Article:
DETROIT – When Wings general manager Ken Holland heard that his All-Star defenseman wanted to meet last Thursday he had a feeling it was to deliver a decision he wasn’t ready to hear.
Holland was correct.
On that Thursday, Nicklas Lidstrom told Holland that he was going to retire after 20 seasons in the NHL, all of which were spent in Detroit.
A week later at Joe Louis Arena, Lidstrom made it official.
“I think it was a combination of mentally and I started working out, exercising and just the combination of not being that motivated and not being able to do things that I wanted to do and I knew I had to do,” Lidstrom said. “I felt the relief once I made the decision.
“The last couple years, as you get older, were difficult too,” Lidstrom added. “This was even more difficult. With my age, just being a little bit older and not having that motivation I’ve had in the past and not having the drive and fire that I’ve had in the past not being there for me, made it a harder decision – especially saying goodbye to something I’ve done for 20 years. It’s become a lifestyle. You’re used to getting up in the morning, working out, coming down here, skating, traveling with the team and just the competitiveness of playing games. I’m going to miss all that too, but if I don’t have that fire I can’t be to the level I want to be at.”
But Holland wasn’t will to go down without a fight.
“I was a little concerned the decision was a lot quicker than it was last year which set off some alarms for me,” Holland said. “We visited for a few minutes and then he told me he had made a decision to retire. I talked to him about the timing of a press conference, but I told him to take the weekend and get back with me on Tuesday because I told him I was hoping he would change his mind. I texted him Tuesday morning, telling him he was on my mind all weekend and I thought he had one more really good year left in him and we had a lot of pieces in place with him in the lineup and with some moves we could continue to be a contender. About an hour later he texted back and said he was very comfortable in his decision.”
Then he enlisted the help of Chris Chelios, who went paddle boarding with Lidstrom on Tuesday.
“He called me at the GM meetings and told me that the paddle boarding didn’t change his mind either,” Holland said. “For me I just wanted to make sure when Nick was on the podium he was comfortable with his decision. He’s very comfortable in his decision.
“He gave us 20 incredible years and you have to feel good for Nick that he gets to walk away from the game on his own terms,” Holland added.
The seven-time Norris Trophy winner missed 11 games in the later part of the regular season with a hair fracture in his ankle and could never get back to full health when the playoffs rolled around.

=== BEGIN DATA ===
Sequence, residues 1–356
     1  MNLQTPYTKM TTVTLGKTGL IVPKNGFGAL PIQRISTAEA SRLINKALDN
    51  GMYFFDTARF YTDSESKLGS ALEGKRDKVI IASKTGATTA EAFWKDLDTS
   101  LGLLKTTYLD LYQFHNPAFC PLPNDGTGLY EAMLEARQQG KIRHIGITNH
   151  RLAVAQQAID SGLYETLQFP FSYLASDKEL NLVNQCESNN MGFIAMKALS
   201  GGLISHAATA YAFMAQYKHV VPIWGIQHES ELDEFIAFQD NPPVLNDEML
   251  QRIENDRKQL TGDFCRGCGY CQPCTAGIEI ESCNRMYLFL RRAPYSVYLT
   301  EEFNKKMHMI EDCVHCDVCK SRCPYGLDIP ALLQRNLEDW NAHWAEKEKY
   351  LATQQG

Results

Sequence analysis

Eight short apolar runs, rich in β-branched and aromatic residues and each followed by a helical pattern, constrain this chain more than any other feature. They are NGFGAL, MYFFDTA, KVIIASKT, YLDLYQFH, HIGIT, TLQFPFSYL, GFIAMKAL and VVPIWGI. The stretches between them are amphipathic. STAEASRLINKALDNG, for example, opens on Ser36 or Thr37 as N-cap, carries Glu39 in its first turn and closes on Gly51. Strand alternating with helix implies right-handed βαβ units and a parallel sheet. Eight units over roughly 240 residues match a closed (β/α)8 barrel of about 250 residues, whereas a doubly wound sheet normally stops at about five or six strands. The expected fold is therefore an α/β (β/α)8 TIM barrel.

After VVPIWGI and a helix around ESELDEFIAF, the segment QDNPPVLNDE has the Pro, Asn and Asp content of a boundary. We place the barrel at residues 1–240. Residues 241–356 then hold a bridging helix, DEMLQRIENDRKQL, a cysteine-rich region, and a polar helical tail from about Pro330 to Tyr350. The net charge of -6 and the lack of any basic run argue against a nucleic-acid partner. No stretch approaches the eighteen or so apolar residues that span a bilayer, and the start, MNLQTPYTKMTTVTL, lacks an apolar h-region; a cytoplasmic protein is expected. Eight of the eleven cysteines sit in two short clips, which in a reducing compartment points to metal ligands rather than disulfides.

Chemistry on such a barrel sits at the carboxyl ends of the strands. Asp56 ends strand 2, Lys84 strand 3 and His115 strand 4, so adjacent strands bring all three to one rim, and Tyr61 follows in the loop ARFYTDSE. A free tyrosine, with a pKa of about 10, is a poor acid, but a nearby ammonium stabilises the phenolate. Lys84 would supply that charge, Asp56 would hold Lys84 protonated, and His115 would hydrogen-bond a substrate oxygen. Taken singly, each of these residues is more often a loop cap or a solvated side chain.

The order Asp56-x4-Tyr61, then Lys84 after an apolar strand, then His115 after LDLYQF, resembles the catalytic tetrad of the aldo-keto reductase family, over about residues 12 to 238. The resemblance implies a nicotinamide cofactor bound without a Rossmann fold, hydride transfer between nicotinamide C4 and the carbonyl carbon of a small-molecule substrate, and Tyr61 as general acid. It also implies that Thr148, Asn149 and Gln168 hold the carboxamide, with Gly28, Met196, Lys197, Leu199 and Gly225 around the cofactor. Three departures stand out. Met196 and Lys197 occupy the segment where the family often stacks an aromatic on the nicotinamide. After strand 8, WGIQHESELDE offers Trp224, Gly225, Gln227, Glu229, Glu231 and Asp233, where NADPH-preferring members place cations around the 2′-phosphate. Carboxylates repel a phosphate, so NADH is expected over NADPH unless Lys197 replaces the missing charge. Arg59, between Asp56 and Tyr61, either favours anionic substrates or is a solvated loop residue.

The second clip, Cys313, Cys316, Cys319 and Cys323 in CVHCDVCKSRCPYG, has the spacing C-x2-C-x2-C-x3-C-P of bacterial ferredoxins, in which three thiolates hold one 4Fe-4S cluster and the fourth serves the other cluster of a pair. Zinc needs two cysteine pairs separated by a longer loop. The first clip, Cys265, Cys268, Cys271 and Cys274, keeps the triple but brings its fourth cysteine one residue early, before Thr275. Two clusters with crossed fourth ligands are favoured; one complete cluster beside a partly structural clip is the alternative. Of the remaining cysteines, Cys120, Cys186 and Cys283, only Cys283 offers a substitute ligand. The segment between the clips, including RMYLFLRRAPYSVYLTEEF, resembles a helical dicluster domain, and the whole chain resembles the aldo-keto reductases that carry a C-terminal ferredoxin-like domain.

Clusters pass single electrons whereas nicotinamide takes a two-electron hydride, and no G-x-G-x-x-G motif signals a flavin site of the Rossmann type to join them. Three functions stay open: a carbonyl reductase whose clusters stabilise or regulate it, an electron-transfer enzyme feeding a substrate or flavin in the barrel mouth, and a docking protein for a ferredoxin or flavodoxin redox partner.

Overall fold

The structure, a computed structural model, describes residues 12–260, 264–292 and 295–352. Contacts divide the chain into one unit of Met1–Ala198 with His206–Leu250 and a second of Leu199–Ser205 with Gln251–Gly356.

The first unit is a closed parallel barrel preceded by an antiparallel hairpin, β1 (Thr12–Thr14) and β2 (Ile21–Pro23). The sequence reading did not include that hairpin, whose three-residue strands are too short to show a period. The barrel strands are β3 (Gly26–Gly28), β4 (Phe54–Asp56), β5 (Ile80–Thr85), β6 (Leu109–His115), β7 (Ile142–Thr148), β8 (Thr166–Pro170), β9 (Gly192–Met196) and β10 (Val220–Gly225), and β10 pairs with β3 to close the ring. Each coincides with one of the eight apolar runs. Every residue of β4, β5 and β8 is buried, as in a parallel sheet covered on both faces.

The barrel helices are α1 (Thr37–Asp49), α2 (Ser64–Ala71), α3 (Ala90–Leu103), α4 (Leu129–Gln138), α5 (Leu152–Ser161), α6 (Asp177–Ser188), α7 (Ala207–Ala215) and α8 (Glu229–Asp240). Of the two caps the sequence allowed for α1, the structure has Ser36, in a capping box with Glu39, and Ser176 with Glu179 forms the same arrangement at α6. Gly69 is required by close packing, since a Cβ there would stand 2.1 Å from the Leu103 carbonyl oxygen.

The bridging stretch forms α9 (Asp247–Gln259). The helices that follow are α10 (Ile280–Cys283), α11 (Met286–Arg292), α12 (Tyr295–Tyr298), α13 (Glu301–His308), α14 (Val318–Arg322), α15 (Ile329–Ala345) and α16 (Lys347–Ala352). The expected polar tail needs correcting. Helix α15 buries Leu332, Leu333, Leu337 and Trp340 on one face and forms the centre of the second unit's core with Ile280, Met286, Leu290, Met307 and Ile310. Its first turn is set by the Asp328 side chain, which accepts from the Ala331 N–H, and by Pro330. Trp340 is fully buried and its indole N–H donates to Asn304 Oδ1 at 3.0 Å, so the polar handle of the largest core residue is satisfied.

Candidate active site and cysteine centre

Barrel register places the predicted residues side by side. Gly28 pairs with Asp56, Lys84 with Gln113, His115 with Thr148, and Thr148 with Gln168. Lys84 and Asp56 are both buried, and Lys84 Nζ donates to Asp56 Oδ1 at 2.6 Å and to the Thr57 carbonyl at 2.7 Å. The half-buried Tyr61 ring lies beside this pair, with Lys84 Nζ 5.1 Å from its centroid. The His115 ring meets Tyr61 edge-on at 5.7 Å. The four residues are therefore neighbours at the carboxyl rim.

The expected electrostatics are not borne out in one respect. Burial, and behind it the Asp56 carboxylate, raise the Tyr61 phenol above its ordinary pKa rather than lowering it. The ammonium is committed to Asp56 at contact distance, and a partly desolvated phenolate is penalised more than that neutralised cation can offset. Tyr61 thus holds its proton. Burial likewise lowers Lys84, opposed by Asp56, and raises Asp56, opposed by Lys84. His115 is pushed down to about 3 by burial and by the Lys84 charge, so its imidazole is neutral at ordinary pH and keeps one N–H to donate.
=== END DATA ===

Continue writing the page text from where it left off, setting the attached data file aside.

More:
Lidstrom, who wound up missing a career-high 12 games this regular season, needed injections before games to dull the pain and it didn’t allow him to play on the penalty kill.
“It did slow me down and that was still hurting when I was playing, especially when you have to do a lot of stops and starts in your own zone,” Lidstrom said. “When you can’t do that, it’s hard to be effective. But I think that it feels so much better now, if I had the determination and the will to do this again, I believe I could still be back up there. But when I don’t have that and if I still try to go out there and play, I don’t think I could play as well as I’d have to.”
The Macomb Daily learned during the regular season that Lidstrom had just finished building a lavish home in Sweden and that his son had told coach Mike Babcock’s son that he was not going to be signing up for travel hockey in the fall.
Lidstrom spent his final six seasons as the Wings’ captain after taking over for Steve Yzerman, who was the longest-serving captain in NHL history.
“We’ve had 20 special years,” Holland said.
Lidstrom, who won his seven Norris Trophies in 10 seasons starting in 2001, is a member of the exclusive “Triple-Gold” club, winning both an Olympic gold medal (2006) and an IIHF World Championship (1991) with Sweden in addition to the four Stanley Cups he won with the Red Wings.
“Seven Norris Trophies, that’s not by accident, he’s just that good,” Babcock said. “We’re going miss having him. He’s been so good and that’s how he wanted to play. It was very fitting he said, ‘I didn’t want to cheat myself. I wasn’t motivated enough to do the work.’ What a message to every athlete.
“For Nick it was always about the team,” Babcock added. “You never had any trouble with Nick as the coach because he was always prepared and motivated. Nick brings it every single day, sets an example for all of us in professionalism and perfection and work ethic and being a good human being and doing it without ego.”
Lidstrom, a 12-time NHL All-Star, became the first European player to win the Conn Smythe Trophy in 2002.
He led the team to back-to-back Stanley Cup finals appearances in 2008 and 2009 and became the first European player to captain a Cup champion in 2008.
Lidstrom, who was selected in the third round (53rd overall) by the Wings in 1989 and made $6.2 million each of the last two seasons, is one of five Wings who played on all four of Detroit’s Stanley Cup championship teams since 1997.
In 1,564 regular-season games, Lidstrom finished with 264 goals and 878 assists. In 263 playoff games, which is a team record, he totaled 54 goals and 129 assists.
Only Wings legend Gordie Howe (1,687 games) has appeared in more Wings’ games than Lidstrom.
Lidstrom, who was selected for 12 NHL All-Star Games and was named to the league’s first All-Star team 10 times between 1998 and 2011, missed only 46 out of a possible 1,873 games since launching his NHL career in 1991.
Lidstrom’s career plus/minus of plus-450 ranks eighth in league history. He posted a minus rating only once (minus-2 in 2010-11).